The age and sex distribution of persons with salmonellae
for the 3 months is compatible with past experience. The
percentage of persons reported as harboring salmonellae
who had other members in their families simultaneously
infected was consistent: 21.3 percent in January; 19.2
percent in February: 23.1 percent in March.
The seven most commonly reported serotypes from


nonhuman sources for this period are listed in Table 2.
It is evident that the frequent nonhuman sources of sal-
monellae have been turkeys, chickens, and bovines. In
March, however, a variation in this pattern was intro-
duced with the high number of isolations from various
types of animal feed. A large portion of the latter isolates
were from surveys of animal feed conducted in one State.
(Reported by the Salmonella Surveillance Unit, CDC.)


The Seven Most Commonly


Table 2
Reported Serotypes From Nonhuman Sources January-March, 1966


January

Rank Number Percent R


S. typhi-murium & S. typhi-murium
var. copenhagen . ......
S. heidleber . .........
S. infantitis . ..........
S. saint-paul ..........
S. oranienbur .........
S. montevideo ..........
S. anatum ........ .........
S. derby .............. ...
S. blockley . .........
S. thompson ................
S. senftenberg. ...............
Total of above serotypes ..


309 58.9


February

:ank Number Percent Rank


1 115 22.0 1
2 46 8.8 2
7
4 26 5.0 6


3 33
5 25
7 '22


7 22 4.2
6 24 4.6
291 55.7


March

Number Percent


3 50 6.6
4 39 5.2

5 35 4.6


388 51.5


Total of all serotypes ..... 525 522


Most Common Sources of
Nonhuman Isolations
Turkey . ...........
Chicken ............
Pork Meat Product . ....
Bovine . ..... ......
Frozen Egg . ..
Animal Feed . ..


29.5
19.4
7,6
7.4


1 135 25.9 2 185 24.5
2 120 23.0 3 168 22.3


4 28 5.4
3 37 7.1


4 45 6.0

1 200 26.5


Morbidity and Mortality Weekly Report




SURVEILLANCE SUMMARY
SALMONELLOSIS January, February and March, 1966
(Continued from paye 154)


155


Percent


30.6
7.1
5.6
4.9
10.5


4.2
3.5
66.4


Serotype


754


I


I










156 Morbidity and Mortality Weekly Report



CASES OF SPECIFIED NOTIFIABLE DISEASES: UNITED STATES

FOR WEEKS ENDED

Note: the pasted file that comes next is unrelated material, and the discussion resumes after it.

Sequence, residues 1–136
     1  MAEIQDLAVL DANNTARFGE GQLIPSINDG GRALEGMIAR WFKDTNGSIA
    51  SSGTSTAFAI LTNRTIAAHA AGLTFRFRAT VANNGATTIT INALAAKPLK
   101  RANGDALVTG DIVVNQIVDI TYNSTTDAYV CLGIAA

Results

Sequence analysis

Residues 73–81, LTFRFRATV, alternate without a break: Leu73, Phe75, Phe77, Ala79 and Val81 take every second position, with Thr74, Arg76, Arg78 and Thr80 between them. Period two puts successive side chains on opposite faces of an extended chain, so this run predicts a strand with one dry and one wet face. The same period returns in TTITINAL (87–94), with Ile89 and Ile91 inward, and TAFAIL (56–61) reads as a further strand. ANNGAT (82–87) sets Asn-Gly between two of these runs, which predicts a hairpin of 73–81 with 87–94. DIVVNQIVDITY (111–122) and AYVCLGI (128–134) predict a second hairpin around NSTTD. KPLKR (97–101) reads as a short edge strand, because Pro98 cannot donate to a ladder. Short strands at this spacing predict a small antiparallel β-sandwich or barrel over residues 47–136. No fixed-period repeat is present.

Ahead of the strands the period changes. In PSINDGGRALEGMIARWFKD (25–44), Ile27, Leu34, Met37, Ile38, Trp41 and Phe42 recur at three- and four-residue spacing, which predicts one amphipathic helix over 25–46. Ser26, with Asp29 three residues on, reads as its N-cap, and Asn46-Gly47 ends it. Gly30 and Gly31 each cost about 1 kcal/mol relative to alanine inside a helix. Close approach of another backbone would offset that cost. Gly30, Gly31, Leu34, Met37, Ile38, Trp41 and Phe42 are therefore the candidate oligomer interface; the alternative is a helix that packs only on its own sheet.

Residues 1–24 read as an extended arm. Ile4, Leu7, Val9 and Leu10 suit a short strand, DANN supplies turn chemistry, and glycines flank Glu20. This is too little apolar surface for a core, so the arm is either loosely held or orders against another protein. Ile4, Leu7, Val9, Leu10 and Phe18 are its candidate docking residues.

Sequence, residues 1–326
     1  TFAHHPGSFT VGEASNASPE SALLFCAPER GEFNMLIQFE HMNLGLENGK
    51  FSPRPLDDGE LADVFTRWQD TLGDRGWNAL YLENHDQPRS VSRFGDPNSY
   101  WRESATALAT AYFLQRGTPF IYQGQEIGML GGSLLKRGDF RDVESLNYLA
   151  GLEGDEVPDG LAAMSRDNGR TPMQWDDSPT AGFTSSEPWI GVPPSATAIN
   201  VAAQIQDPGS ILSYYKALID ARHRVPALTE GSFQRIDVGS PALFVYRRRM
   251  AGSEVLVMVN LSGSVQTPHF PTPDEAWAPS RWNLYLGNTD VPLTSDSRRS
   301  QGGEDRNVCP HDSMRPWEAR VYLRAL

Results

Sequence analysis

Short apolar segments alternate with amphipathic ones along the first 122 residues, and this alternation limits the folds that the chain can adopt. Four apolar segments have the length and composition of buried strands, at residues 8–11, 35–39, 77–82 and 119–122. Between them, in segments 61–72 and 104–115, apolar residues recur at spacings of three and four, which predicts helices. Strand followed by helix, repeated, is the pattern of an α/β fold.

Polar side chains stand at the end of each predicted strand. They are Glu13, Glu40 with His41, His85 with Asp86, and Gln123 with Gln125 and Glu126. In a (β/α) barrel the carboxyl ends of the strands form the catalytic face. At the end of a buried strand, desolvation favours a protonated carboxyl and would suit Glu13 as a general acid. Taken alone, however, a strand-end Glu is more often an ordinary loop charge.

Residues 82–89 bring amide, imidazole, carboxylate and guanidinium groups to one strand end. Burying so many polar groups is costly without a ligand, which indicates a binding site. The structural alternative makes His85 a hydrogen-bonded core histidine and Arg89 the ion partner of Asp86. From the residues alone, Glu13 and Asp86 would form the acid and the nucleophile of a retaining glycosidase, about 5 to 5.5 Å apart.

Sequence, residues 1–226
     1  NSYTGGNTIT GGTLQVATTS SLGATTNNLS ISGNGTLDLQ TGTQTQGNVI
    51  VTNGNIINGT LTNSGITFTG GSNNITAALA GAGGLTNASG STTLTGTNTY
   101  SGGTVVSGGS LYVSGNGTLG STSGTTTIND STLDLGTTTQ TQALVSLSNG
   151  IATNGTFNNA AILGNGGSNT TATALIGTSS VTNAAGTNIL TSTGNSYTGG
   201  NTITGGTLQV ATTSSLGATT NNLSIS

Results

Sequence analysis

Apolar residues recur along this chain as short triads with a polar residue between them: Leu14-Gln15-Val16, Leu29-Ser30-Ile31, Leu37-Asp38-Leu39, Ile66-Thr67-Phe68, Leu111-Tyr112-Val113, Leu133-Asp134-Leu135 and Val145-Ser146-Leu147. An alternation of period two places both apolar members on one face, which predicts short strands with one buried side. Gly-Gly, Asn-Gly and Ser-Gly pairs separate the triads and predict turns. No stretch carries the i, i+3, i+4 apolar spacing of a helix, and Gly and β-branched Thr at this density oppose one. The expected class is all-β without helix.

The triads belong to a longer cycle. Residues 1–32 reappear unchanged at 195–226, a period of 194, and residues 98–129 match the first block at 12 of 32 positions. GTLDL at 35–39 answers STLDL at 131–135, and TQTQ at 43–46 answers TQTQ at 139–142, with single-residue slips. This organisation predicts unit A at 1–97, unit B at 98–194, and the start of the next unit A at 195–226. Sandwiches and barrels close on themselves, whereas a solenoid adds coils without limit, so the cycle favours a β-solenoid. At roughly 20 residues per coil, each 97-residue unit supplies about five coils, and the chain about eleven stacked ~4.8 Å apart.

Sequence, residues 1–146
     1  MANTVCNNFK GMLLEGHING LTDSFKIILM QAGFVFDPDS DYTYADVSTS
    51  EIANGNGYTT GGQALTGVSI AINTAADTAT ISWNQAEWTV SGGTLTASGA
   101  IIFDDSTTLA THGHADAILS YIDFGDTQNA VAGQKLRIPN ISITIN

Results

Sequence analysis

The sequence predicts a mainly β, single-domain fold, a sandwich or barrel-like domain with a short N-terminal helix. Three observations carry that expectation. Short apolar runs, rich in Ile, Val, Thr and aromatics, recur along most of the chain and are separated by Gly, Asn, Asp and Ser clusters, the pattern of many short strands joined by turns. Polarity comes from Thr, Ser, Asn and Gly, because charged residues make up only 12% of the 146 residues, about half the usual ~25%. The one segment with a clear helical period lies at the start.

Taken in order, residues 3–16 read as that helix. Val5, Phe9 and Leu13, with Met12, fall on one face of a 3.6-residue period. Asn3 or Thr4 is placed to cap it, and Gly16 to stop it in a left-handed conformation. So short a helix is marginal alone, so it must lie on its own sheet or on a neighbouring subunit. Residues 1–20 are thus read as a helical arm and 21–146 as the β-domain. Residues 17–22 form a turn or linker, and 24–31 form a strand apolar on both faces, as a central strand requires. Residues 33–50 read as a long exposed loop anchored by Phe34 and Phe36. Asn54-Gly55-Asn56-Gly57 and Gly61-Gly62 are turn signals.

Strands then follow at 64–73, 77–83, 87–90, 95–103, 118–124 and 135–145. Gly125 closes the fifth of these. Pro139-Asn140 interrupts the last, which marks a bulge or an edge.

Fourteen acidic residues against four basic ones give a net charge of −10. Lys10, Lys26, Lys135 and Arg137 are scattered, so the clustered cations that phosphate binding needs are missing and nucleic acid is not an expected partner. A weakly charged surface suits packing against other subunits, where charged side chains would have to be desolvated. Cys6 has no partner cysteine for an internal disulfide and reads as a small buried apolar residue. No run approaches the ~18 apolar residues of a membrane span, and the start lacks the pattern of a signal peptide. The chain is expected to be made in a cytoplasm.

MAY 7, 1966 AND MAY 8, 1965 (18th WEEK)


ENCEPHALITIS HEPATITIS
ASEPTIC Primary Post- Both
AREA MENINGITIS BRUCELLOSIS including Infectious DIPHTHERIA Serum Infectious Types
unsp. cases
1966 1965 1966 1966 1965 1966 1966 1965 1966 1966 1965
UNITED STATES... 25 26 23 24 9 1 1 29 609 675

NEW ENGLAND.......... 1 1 2 1 31 46
Maine.............. 4 5
New Hampshire...... 6
Vermont ...........- -
Massachusetts...... 1 1 2 1 20 19
Rhode Island....... 3 8
Connecticut........ 4 8

MIDDLE ATLANTIC...... 2 5 4 9 2 1 12 121 101
New York City...... 1 1 1 4 9 22 13
New York, Up-State. 2 1 23 36
New Jersey......... 1 2 3 2 38 24
Pennsylvania....... 2 1 1 2 1 1 38 28

EAST NORTH CENTRAL... 6 2 5 3 2 80 152
Ohio................ 1 1 3 1 1 19 36
Indiana............ 2 1 2 20
Illinois............ 4 1 1 26 22
Michigan........... 1 27 68
Wisconsin........... 1 6 6

WEST NORTH CENTRAL... 1 2 49 53
Minnesota.......... 1 1 5 6
Iowa................ 16 24
Missouri............. 17 8
North Dakota....... 1 -
South Dakota...... 1
Nebraska........... 5 -
Kansas.............. 5 15

SOUTH ATLANTIC....... 2 6 1 2 3 73 68
Delaware............ 1 4
Maryland............ 13 9
Dist. of Columbia.. 1 1
Virginia........... 2 7 15
West Virginia...... 4 7
North Carolina..... 1 1 2 10 4
South Carolina..... 1 4
Georgia............ 11
Florida............. 2 1 26 28

EAST SOUTH CENTRAL... 2 2 2 59 46
Kentucky........... 1 11 17
Tennessee.......... 1 24 15
Alabama............ 1 1 17 8
Mississippi........ 1 7 6

WEST SOUTH CENTRAL... 1 1 1 -2 1 57 38
Arkansas........... 1 7 10
Louisiana.......... 15 7
Oklahoma ........... -
Texas.............. 1 1 1 1 35 21

MOUNTAIN.............. 2 3 3 1 19 31
Montana............ 1 2
Idaho............... 4 -
Wyoming........... -.. 1 2
Colorado........... 1 3 9
New Mexico......... 1 8 7
Arizona............. 1 2 5 10
Utah ............... 1 1
Nevada............. -

PACIFIC............... 12 12 1 4 2 11 120 140
Washington.......... I 1 2 1 5 10
Oregon............. 1 18 10
California......... 9 12 2 1 11 96 115
Alaska............. -- 3
Hawaii.............. 1 1 2

Puerto Rico.......... 1 24 33









Mlirlidily and Mortality Weekly Report


CASES OF SPECIFIED NOTIFIABLE DISEASES: UNITED STATES

FOR WEEKS ENDED

MAY 7, 1966 AND MAY 8, 1965 (18th WEEK) CONTINUED


MEAS
AREA

1966

I'nI TFD I-iE 6 111